Saturday, December 23, 2006

Merry Christmas And Remember to Forget Jesus

The "War on Christmas" has turned out to be a great fundraiser for right-wing Christian organizations. According to the LA Times, The American Family Assn., the Liberty Counsel and other conservative groups have raised hundreds of thousands of dollars from the sale of "Merry Christmas" items.

But what about Jesus?

Of course, a big part of Christmas is the nativity scenes of shepherds, wise men, and parents standing aside the cradle in the manger. After all, the Christian gloss on the old Roman Saturnalia is that Christmas is a celebration of the birth of Jesus.

But what does the birth of Jesus have to do with Jesus?

The baby Jesus wasn't saying anything yet. It wasn't the baby Jesus who was supposed to have rejected temptation in the desert, spoken the Sermon on the Mount, attracted followers, formulated a "new law" for the Hebrew people, come into conflict with the Temple authorities, or been resurrected after a cruel execution. In celebrating Christmas, Christians seem to be celebrating the least "Christian" part of Jesus, the time when Jesus was least connected to the work and doctrine of his adulthood.

In fact, Christmas seems to be more about creating a personal mythology around Jesus than anything that Jesus would ever say or do. Given the resemblance to the story of Moses in Herod's killing of the young children in Bethlehem, the story of the birth of Jesus in Matthew 2 is one of the most mythological parts of the gospel. That's a big reason why it was easy for popular writers to use Christmas as a hook for stories about failing bankers and jolly old elves flying in the night or songs about the wonders of snow. Christmas has always been about creating and embellishing a "heart-warming story" first.

But why would Christians want the biggest holiday of the year to celebrate something as far away from the core of their religion as the birth of a Jesus? In Christian doctrine, Jesus is the "Word [of God] made flesh." To the contrary, what Christians are celebrating at Christmas is a wordless Jesus. Perhaps that is what Christians in fact mean to celebrate--the silent Jesus, the Jesus whose words no longer have authority in their lives, the Jesus who does not condemn wealth, possessions, authority, social respectability, family ties and other things that most people value in life.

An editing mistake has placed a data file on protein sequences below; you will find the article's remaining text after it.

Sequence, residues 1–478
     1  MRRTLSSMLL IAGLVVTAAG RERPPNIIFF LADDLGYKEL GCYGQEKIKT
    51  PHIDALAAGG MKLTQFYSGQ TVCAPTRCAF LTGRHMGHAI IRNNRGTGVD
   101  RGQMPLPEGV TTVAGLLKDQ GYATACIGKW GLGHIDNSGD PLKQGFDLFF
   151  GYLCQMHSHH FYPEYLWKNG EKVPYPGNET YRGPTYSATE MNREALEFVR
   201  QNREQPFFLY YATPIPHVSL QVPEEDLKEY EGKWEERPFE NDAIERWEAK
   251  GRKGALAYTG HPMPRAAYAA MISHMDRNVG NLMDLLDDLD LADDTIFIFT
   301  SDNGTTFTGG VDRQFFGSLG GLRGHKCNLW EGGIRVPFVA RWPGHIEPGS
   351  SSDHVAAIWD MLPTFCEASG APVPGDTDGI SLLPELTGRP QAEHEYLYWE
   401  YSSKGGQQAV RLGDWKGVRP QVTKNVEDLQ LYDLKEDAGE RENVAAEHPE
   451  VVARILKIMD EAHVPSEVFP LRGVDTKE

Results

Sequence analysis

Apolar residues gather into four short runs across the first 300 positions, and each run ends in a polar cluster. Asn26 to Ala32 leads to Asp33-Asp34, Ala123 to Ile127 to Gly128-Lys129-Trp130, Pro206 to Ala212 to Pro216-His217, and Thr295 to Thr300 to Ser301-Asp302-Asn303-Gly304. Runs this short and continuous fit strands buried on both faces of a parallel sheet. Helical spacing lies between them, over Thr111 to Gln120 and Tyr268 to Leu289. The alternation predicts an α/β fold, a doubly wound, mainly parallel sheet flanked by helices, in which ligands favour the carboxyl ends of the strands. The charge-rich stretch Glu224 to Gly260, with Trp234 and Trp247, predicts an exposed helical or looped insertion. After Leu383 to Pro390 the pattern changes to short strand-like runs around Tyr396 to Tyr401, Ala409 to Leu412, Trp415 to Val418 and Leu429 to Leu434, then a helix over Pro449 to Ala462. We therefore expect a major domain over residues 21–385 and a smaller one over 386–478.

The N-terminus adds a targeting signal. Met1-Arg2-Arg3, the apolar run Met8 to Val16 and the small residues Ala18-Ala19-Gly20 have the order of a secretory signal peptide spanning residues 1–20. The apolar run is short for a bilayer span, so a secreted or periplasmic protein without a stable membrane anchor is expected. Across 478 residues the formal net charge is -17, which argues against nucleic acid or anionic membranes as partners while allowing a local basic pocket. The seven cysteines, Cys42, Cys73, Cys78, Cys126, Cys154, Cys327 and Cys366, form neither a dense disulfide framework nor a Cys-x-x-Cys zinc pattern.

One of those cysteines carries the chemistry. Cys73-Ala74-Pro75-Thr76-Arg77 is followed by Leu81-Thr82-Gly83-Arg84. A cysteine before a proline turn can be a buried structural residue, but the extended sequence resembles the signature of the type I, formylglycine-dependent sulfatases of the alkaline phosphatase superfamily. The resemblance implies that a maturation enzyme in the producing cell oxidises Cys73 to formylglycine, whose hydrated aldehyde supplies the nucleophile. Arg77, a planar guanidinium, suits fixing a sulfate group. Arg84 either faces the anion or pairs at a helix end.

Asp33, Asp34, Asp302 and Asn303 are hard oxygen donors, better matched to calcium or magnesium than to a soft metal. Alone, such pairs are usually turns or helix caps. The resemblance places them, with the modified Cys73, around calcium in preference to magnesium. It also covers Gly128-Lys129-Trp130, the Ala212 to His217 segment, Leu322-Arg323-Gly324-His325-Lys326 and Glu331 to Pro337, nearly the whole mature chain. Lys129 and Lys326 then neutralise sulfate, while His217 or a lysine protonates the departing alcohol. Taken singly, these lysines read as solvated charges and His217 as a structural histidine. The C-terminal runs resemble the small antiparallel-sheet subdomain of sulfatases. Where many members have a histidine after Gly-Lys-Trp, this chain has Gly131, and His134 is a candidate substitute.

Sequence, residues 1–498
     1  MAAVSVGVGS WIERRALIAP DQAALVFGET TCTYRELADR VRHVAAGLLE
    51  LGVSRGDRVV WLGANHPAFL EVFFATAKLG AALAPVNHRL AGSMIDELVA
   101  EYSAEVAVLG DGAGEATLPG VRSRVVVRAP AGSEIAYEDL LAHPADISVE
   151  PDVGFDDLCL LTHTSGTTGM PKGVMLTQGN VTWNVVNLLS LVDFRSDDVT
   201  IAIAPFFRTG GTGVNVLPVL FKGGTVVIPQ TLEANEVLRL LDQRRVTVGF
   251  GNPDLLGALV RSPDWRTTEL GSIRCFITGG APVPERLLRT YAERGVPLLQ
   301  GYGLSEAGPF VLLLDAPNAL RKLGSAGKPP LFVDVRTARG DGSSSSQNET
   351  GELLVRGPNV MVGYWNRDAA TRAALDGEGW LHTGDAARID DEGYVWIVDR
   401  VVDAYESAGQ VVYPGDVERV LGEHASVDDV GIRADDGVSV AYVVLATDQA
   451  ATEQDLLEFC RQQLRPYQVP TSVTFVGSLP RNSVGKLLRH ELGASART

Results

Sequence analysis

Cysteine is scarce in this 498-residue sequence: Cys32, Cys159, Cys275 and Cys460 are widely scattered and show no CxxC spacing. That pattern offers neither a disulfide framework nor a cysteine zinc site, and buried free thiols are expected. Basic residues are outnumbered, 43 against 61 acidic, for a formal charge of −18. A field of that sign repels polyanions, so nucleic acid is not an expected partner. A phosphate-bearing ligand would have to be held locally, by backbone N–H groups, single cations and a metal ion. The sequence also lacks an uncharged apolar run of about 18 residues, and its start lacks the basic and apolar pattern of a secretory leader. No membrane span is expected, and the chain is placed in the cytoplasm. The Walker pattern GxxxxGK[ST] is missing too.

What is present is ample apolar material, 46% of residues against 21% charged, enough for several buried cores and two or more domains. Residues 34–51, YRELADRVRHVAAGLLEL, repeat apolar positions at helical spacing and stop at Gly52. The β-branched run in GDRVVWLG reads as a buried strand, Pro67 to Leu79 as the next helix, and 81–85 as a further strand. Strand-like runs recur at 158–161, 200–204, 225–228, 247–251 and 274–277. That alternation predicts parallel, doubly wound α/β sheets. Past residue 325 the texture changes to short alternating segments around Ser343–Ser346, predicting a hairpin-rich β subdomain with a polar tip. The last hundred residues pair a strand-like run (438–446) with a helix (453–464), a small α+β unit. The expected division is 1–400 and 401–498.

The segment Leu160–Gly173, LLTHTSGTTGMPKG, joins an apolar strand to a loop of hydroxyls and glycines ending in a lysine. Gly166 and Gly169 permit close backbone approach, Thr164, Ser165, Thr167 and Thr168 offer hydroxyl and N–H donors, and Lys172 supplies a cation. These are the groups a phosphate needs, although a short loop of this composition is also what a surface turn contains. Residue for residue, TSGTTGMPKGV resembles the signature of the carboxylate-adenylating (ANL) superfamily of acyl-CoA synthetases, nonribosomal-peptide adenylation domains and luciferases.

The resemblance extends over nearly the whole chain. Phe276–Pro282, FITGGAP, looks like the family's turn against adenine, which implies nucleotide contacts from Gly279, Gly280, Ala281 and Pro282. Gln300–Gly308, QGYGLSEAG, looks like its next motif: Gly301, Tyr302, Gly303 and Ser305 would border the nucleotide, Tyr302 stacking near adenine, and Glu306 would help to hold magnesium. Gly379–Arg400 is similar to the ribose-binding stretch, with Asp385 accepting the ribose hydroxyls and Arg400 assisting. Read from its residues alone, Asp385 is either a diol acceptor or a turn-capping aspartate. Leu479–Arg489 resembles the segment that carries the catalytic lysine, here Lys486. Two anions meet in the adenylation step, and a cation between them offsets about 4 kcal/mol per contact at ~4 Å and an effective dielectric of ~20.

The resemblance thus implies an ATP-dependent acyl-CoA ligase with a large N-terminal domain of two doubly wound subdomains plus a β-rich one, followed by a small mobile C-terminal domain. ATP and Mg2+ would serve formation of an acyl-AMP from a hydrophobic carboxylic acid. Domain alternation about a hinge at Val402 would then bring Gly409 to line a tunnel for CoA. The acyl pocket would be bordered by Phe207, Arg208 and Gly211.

Christianity is a very demanding religion. Even the most simple formulations to "love god with all your heart" and "love your neighbor as yourself" involve breathtaking claims on human affection that religions like that of the ancient Greeks never dreamed of. By celebrating the infant, silent Jesus instead of the Jesus who speaks this particularly harsh doctrine, Christmas gives Christians an opportunity to take an extended break from the adult Jesus and his doctrine just as it gives them a holiday from their jobs, schools, businesses, and other avocations. No doubt, the Christmas "vacation from Jesus" was one of the reasons why our Puritan forebears sought to ban Christmas celebrations. Celebrating Christmas is a way for Christians to be "Christians" and revel in Christian mythology without dealing without everything that's discomfiting about the adult "Jesus." For Christians, Christmas isn't so much about the birth of Jesus as it is about the sense of comfort and release in having Christianity without having to deal with the person of Jesus at all. Christmas is about forgetting Jesus.

This puts an ironic twist on the whole "Merry Christmas" business. If Christmas is about forgetting Jesus, then the secularization of Christmas means that Christians won't be able to forget Jesus during the "holiday season." Instead of celebrating Baby Jesus between Thanksgiving and New Years, they'll be stuck with the Jesus of "woe unto you that laugh now! for ye shall mourn and weep" (Luke 6:25) all year long. That's a sure-fire prescription for guilt, failure, inadequacy, and self-doubt and a number of other burdensome feelings. So Everybody! Give your Christian brothers a break. Say "Merry Christmas" and remember that you're helping them forget Jesus.

Friday, December 22, 2006

Harry Potter and the Deathly Scar

Today's announcement that the title for the final Harry Potter book is going to be Harry Potter and the Deathly Hallows sparked some renewed Harry Potter speculation at the local book store. The question wasn't whether Harry was going to live or die, but whether Harry's scar was a horcrux or a hiding place for part of Voldemort's soul.

If the scar was a horcrux, that would be a neat solution to the dilemna of whether Harry is going to live or die. If the scar is a horcrux, Harry has to die if Voldemort is ever going to be killed. So, Harry has to die and the series comes to a definite conclusion assuming that no one wants to explore Harry's existence after death, whether Harry gets involved in the life of his friends, or not. A second consideration is that Rowling has said that the last word of the last book is going to be scar. Harry's scar obviously has tremendous significance at the end of the book where Harry's fate will be decided. Perhaps, it's significance will be as a horcrux.

However, the scar/horcrux concept is a neat solution that does not quite work. At least in a simple way. If Harry's scar is a horcrux, Harry has to be able to get rid of the horcrux without dying. Because all the horcruxes have to be destroyed before Voldemort is killed, Harry has to live through the destruction of his own horcrux if he is going to be the one who kills Voldemort. If Harry is going to die, there has to be another scenario besides the possibility of his scar being a horcrux.